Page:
1. Current diagnosis of major depression. Persons with a history of major depression, if stable for 6 months or longer, are eligible, provided they are not excluded based on medications (below).
  2. Any suicide risk score on MINI or self-reported suicide attempt on telephone screen.
  3. Current or past hypomanic/manic episode.
  4. History or current diagnosis of Post Traumatic Stress Disorder (PTSD).
  5. History or current diagnosis of psychotic disorder, bipolar disorder, schizophrenia.

Medication Exclusion Criteria

  1. Current use or recent discontinuation (within the last 14-days) of:

    • Smoking cessation medication (e.g. Zyban, Wellbutrin, Wellbutrin SR, Chantix); NOTE: Once participants are found eligible for the study, they are instructed to use the smoking cessation medication provided to them by the study staff. If a subject reports an isolated (non-daily) instance of using a non-study smoking cessation medication, the study physician and PI will evaluate the situation and determine if it is safe for the subject to continue participation.
    • Anti-psychotic medications.
    • Certain medications used to treat depression, including Wellbutrin, Monoamine Oxidase Inhibitors (MAOIs), and tricyclic antidepressants.
    • Prescription stimulants (e.g. Provigil, Ritalin, Adderall).
  2. Current use of:

    • Nicotine replacement therapy (NRT); NOTE: Once participants are found eligible for the study, they are told they should only use the NRT provided to them by the study staff. If a subject reports an isolated (non-daily) instance of NRT use during the study, they may be permitted to continue.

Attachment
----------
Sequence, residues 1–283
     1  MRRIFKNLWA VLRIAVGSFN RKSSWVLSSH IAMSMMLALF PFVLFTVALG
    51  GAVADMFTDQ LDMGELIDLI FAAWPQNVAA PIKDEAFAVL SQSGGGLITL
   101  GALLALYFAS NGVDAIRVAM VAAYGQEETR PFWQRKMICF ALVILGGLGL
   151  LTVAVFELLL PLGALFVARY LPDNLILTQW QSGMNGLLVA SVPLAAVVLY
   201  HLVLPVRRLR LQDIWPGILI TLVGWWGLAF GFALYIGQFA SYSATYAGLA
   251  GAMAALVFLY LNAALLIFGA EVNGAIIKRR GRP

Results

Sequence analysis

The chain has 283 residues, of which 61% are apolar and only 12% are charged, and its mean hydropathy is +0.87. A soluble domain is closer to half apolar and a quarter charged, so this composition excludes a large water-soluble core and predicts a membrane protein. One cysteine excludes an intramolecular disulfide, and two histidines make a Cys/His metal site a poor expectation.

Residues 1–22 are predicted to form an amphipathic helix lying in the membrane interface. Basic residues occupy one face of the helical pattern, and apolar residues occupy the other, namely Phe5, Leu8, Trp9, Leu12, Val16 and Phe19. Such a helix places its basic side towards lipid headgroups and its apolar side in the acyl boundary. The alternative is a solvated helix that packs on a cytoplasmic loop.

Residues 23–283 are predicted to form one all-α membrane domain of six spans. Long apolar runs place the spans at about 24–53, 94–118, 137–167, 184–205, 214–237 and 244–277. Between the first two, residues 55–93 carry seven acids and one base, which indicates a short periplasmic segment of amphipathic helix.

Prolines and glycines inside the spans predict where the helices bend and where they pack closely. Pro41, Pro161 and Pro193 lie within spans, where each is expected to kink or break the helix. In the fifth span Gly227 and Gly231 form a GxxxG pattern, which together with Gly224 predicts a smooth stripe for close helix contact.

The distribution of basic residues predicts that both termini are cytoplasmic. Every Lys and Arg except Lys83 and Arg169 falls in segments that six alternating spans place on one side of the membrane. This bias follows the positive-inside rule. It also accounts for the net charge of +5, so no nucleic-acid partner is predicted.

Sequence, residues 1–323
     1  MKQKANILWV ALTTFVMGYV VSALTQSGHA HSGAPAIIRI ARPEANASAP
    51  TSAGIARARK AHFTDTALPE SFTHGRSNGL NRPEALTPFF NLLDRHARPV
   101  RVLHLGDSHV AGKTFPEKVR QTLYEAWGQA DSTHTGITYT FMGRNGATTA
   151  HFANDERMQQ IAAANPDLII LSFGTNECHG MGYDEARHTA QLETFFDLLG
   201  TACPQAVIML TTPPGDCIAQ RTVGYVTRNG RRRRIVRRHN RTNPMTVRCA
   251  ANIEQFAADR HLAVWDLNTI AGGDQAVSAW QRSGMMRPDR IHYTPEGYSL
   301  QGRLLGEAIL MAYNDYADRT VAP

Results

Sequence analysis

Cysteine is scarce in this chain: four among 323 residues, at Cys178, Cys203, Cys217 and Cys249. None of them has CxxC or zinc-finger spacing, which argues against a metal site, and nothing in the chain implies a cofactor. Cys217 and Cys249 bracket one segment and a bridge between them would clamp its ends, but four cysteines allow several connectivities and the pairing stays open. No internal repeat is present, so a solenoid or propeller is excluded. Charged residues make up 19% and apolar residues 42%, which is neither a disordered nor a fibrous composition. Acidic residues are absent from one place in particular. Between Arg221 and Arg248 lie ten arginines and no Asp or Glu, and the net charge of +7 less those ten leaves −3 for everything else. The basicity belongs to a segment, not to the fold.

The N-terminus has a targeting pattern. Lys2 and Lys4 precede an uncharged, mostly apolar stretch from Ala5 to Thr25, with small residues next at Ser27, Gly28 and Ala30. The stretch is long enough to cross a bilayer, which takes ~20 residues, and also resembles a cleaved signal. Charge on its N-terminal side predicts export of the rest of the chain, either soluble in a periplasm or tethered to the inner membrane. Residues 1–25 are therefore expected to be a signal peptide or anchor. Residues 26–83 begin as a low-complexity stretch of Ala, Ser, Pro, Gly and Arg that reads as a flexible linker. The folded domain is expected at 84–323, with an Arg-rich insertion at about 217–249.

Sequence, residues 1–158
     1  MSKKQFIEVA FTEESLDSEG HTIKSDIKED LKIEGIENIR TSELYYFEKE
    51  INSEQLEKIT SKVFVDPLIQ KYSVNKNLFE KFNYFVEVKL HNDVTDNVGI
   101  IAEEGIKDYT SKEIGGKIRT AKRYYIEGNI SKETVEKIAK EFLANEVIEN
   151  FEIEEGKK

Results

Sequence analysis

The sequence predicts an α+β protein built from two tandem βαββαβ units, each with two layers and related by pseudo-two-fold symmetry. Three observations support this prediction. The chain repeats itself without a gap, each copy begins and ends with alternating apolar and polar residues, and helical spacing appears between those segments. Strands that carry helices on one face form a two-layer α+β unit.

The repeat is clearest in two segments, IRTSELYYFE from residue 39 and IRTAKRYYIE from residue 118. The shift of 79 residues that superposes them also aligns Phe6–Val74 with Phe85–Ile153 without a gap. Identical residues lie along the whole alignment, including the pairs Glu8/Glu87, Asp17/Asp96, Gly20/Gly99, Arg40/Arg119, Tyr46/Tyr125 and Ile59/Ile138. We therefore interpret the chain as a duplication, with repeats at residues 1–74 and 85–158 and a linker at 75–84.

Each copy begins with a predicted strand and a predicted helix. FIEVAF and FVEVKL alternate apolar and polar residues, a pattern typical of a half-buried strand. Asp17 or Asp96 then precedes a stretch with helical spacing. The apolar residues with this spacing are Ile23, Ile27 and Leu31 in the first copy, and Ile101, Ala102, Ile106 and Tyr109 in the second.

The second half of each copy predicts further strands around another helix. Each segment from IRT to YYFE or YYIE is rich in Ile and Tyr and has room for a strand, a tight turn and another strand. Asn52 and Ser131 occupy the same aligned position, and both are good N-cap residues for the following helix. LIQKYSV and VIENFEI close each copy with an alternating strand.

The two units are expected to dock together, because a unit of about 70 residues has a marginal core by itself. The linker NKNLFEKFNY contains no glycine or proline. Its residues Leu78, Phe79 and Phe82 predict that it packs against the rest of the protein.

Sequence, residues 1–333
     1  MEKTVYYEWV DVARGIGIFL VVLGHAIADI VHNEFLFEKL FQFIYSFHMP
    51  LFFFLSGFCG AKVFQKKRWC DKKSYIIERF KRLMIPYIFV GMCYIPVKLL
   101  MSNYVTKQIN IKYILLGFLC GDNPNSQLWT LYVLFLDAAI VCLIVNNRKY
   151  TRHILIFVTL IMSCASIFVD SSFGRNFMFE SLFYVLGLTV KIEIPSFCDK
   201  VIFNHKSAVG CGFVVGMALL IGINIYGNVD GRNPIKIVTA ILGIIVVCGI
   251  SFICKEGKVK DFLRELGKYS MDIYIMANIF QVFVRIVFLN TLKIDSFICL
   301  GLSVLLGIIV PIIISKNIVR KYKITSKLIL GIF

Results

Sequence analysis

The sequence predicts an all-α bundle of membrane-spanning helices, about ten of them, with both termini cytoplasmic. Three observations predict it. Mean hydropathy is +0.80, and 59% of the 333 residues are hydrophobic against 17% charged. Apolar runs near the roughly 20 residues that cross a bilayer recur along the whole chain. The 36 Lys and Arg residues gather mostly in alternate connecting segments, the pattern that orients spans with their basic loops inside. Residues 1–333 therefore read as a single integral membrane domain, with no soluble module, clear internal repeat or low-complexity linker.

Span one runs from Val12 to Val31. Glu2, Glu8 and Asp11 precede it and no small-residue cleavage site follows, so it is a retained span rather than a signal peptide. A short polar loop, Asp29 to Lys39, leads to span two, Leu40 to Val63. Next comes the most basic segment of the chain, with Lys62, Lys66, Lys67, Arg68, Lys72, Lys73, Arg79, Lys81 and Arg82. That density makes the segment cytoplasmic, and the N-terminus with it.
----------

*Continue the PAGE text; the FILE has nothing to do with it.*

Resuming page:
• Tagamet (cimetidine).
    • Heart medications such as digoxin, quinidine, nitroglycerin; use of these medications may result in ineligibility and will therefore be evaluated on a case-by-case basis by the Study Physician.
    • Anti-coagulants (e.g., Coumadin, Warfarin).
  3. Daily use of:

    • Opiate-containing medications for chronic pain; if a participant reports taking an opiate-containing medication every day for the 14 days prior to the telephone screen and/or Intake Session, the participant will be ineligible.
    • Rescue Inhalers (e.g. albuterol, proventil, ventolin, or maxair)

General Exclusion

  1. Any medical condition, illness, disorder or concomitant medication that could compromise participant safety or treatment, as determined by the Principal Investigator and/or Study Physician.
  2. Inability to provide informed consent or complete any of the study tasks as determined by the Principal Investigator and/or Study Physician.
Both
18 Years to 65 Years
No
Contact information is only displayed when the study is recruiting subjects
United States,   Canada
 
NCT01314001
811722, U01DA020830
Yes
University of Pennsylvania
University of Pennsylvania
National Institute on Drug Abuse (NIDA)
Principal Investigator: Caryn Lerman, PhD University of Pennsylvania
Principal Investigator: Rachel F Tyndale, PhD University of Toronto
University of Pennsylvania
April 2014

ICMJE     Data element required by the International Committee of Medical Journal Editors and the World Health Organization ICTRP